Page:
Visit https://twofactorauth.org/ to view a list of websites that offer MFA.

Avoid using public workstations

The security of public workstations, especially in high risk countries, cannot be trusted.  When you use a public workstation, anything that you enter into the system - IDs, passwords, data - may be captured and used, so limit your activity to the devices that you bring.

Be aware of your surroundings when logging in or inputting data into your devices

There have been many cases where an ID, password or a piece of confidential information had been compromised simply by watching the person input the information. Be discrete when entering your ID and passwords.

Notify NCCU if a theft or loss occurs

Traveling can be fraught with a variety of distractions - going through airport security, finding your way around town, getting used to cultural norms, etc.  Unfortunately, most instances when mobile computing devices are lost or stolen occur in the areas where the distractions are the greatest.  Recognizing distracting situations and, when they occur, taking extra care to maintain your focus can prevent you from having to take the steps necessary to disable those devices and obtain replacements.

In case a laptop or mobile device is lost or stolen, contact a member of your department's technology support team at 919.530.7676


When you return

Change any passwords you may have used during your travels

When you return from your trip, change any passwords you may have used during your travels from a trusted device. When traveling, especially in high risk countries, the likelihood that your username and password will be captured is high. Quickly changing a compromised password helps prevent future attacks on that account.  Click here to change your University password.

Restore the software on the systems with which you traveled to trusted versions

According to National Security Services, when our devices connect to a network in a high risk country, there is an increased likelihood that the device will be compromised and have malicious software installed. This software then can compromise information and other devices on the NCCU network when the device is reconnected to the University's network.

Upon your return before reconnecting to the NCCU network, the hard drive will be reimaged. This is standard practice for loaner devices and should also be for your NCCU-owned or personally-owned devices.


Assumptions when traveling

  • No device can be protected against all possible forms of system and information compromise, especially when its members travel to countries that are deemed as high risk.  So, we must assume that any device taken to a high risk country will be compromised in some, potentially undetectable way.  The only truly secure option is to refrain from using digital devices when traveling.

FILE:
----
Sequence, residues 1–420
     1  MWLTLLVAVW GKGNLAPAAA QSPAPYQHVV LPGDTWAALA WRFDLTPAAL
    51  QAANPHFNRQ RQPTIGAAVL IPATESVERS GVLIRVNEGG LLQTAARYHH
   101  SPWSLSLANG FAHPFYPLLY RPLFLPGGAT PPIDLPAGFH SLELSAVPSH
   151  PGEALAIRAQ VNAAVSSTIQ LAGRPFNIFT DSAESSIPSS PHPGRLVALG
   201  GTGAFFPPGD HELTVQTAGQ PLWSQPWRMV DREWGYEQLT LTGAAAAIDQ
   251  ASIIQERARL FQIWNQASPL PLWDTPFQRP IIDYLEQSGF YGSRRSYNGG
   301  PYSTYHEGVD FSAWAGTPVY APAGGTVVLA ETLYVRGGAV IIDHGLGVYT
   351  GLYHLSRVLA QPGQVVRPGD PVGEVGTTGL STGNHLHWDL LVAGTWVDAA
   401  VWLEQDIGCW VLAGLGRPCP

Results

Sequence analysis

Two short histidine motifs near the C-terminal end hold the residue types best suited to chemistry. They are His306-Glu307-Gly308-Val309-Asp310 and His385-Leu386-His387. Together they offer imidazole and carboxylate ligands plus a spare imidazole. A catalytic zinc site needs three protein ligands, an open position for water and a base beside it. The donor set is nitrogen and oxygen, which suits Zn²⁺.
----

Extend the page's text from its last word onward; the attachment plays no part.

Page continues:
• Information of particular interest to someone intent on compromising your devices not only includes business data but also the traveler’s ID and password that could be used to directly access NCCU’s systems and information resources.
  • When a device is compromised, the attacker may install software on the device that could compromise other systems and data on the NCCU network when the traveler reconnects his or her device to our network upon return, unless measures are taken to completely restore the device to its pristine state before the network connection is established.

Additional resources

  • The U.S. Department of State's Country Specific Information website: Allows a user to specify his or her destination country for which it provides information such as, the location of the U.S. embassy and any consular offices; whether you need a visa; crime and security information; health and medical conditions; and local laws.
  • The FBI's Travel Tips brochure: Measures that the FBI recommends taking before, during and after traveling internationally in a compact, printable document.
  • US CERT's Holiday Traveling with Personal Internet-Enabled Devices website: Tips from the US Computer Emergency Readiness Team for protecting your mobile devices when traveling.
  • EduCause’s Security Tips for Traveling Abroad website: A collection of institutional, governmental and other resources that provide guidelines for secure, international travel.
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Details

Article ID: 85188
Created
Tue 8/20/19 10:17 AM
Modified
Tue 8/20/19 10:18 AM